NI ‘should lure Irish firms seeking UK access after Brexit’
As Theresa May holds talks with Taoiseach in Dublin, lobby group calls for new strategy
NORTHERN Ireland should focus on attracting firms from the Republic to set up here, as part of a strategy to offset the impact of Brexit on EU trade, a manufacturing lobby group has said.
Stephen Kelly, the chief executive of Manufacturing NI, spoke after Taoiseach Enda Kenny said that helping Prime Minister Theresa May to agree a deal to keep UK-EU trade as close as possible would be an “absolute priority” for Ireland ahead of Brexit negotiations.
The Taoiseach (below) held talks with Mrs May in Dublin yesterday, following earlier meetings between the Prime Minister and the leaders of the devolved nations in Cardiff — including DUP leader and former First Minister Arlene Foster, and Sinn Fein Northern Ireland leader Michelle O’neill.
Mr Kelly said Northern Ireland needed a stronger voice in Brexit negotiations.
“We need to be speaking with one voice in Brexit on what has to be done. Both Wales and Scotland have produced their papers on Brexit but there is no agreed position for Northern Ireland.”
And he said one option could be for Northern Ireland to encourage firms in the Republic to set up here. “That could be part of a hedging strategy by firms so that they can ensure their access to the UK market even after Brexit.
“Yes, we try and attract firms from Silicon Valley in California, but what about setting up clusters of Irish firms to effectively build Liffey Valley or Shannon Valley?
“We do want to be good neighbours and we want to make sure we work to try and get a good deal, but it does seem that business is making decisions quicker than government.” He said the strategy would be the equivalent of a Northern Ireland firm setting up in the Republic to ensure continued access to the EU — a move taken last week by pharmaceutical firm Almac,
which announced it was opening up an office in Dundalk. Setting out her strategy earlier this month, Mrs May strongly hinted that Britain could leave the European customs union (CU), stating she wanted “frictionless” cross-border trade, but had an “open mind” on whether it should be done through associate membership or a new agreement.
Speaking after talks with the PM in Dublin, Mr Kenny echoed her language, suggesting he would support the strategy during divorce talks.
“Our two governments are agreed that a close and friction-free economic and trading relationship between the Untied Kingdom and the European Union, including Ireland, is in our very best interests,” he told a press conference.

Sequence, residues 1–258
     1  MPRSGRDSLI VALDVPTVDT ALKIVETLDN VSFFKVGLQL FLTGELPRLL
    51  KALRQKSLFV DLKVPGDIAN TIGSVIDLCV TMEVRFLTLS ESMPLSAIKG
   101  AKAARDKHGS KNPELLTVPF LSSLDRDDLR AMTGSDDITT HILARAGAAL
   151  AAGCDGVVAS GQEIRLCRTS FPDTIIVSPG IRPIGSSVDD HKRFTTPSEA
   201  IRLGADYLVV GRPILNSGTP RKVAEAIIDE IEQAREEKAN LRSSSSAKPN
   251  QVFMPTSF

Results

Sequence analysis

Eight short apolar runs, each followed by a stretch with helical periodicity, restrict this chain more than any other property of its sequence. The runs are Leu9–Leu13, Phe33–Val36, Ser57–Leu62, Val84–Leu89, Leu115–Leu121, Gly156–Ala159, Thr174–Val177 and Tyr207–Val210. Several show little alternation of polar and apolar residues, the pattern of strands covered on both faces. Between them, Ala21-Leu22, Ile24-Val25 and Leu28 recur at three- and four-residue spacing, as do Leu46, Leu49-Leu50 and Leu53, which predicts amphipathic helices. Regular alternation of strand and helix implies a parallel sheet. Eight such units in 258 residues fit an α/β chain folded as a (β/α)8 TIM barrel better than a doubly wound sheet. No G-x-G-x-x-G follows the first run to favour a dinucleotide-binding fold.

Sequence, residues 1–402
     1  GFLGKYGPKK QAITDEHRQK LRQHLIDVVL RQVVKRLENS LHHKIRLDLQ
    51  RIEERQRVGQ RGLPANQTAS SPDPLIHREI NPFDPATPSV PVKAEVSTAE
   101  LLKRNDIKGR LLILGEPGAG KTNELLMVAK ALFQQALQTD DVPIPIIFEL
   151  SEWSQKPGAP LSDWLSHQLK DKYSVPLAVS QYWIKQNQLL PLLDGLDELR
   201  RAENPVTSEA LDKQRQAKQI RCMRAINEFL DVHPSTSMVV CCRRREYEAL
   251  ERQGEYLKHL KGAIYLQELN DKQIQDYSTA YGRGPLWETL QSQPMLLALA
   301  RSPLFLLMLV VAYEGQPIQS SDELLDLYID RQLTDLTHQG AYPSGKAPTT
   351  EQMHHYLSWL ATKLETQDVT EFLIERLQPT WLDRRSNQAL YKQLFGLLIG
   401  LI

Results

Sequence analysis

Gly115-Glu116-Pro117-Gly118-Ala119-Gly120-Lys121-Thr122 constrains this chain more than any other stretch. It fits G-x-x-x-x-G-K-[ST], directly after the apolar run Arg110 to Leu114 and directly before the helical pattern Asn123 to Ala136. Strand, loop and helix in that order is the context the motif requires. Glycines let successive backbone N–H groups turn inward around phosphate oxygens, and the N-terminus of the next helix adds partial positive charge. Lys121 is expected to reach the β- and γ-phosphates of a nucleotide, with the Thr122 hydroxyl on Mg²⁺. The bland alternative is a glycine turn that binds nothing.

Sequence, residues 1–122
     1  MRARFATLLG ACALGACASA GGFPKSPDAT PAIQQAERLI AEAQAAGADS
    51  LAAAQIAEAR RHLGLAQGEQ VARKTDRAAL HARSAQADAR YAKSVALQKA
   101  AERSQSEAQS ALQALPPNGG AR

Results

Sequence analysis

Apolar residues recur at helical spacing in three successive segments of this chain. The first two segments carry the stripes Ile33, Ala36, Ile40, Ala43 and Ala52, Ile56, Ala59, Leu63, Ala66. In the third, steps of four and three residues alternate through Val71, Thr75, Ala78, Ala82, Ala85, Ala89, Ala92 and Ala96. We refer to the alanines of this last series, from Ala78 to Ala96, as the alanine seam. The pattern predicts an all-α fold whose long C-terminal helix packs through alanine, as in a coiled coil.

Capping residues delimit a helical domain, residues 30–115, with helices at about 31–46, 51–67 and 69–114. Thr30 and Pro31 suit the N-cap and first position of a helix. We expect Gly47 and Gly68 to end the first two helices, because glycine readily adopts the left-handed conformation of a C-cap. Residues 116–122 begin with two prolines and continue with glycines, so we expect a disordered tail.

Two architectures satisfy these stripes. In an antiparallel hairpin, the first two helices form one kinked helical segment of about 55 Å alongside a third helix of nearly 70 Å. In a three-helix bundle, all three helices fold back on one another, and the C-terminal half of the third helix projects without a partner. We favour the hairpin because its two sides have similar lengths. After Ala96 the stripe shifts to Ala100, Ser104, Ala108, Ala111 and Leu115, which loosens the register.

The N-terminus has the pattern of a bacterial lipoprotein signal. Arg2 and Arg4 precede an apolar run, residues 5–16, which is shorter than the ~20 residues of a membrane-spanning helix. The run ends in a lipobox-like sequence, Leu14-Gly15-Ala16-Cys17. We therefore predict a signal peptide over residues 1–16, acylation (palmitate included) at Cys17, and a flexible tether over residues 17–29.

Meanwhile, US investment advisor Ronnie Foreman has said that Brexit, political instability at home and the presidency of Donald Trump have conspired to create the “biggest period of uncertainty” for business in Northern Ireland in decades.
Mr Foreman, who has helped Northern Ireland firms into American markets, said companies in the province should increasingly “look west” in the post-brexit world.
Addressing a seminar on business development hosted by law firm Cleaver Fulton Rankin, he said: “The process for leaving, the so-called Brexit, raises more questions than it provides answers.
“The timescale for leaving, still uncertain, and the great questions of what it will mean to all of us as individuals and to our various business interests, have yet to be clarified.
“Again and again, we see speculation regarding these great unknowns and, when you add the other major issues including the changes in government in USA and the collapse of our own local Assembly, then we are in a virtual sea of unanswered questions.
“The fact of the matter is that however much we want answers, we need to wait until these matters unfold.
“Meanwhile we face a future which is largely unknown and uncertain.”
John Mcgrane, chief executive of the British Irish Chamber of Commerce, welcomed yesterday’s discussions between the Prime Minister and Taoiseach.
He said he believed Prime Minister Theresa May’s speech earlier this month, in which she vowed to take the UK out of the single market and the customs union, had jolted many firms on both sides of the border from a “state of denial” over Brexit. He added however: “The Prime Minister’s threat to walk away in the event of a ‘ bad deal’ with the EU would be nothing short of calamitous for Northern Ireland.”
But NI-NL, a body which encourages Northern Ireland firms to trade with the Netherlands and vice versa, said both regions were fully prepared to maintain trading relationships following Brexit. Gerard Wilson, owner of mouldings company SAM in Antrim, added that his company would do all in its power to continue its substantial trade with the Netherlands.
“It is clear that there will be uncertainty which could last several years, and the result of negotiations will be out of our control, so we need to focus and play with the cards that we have been currently dealt,” he said.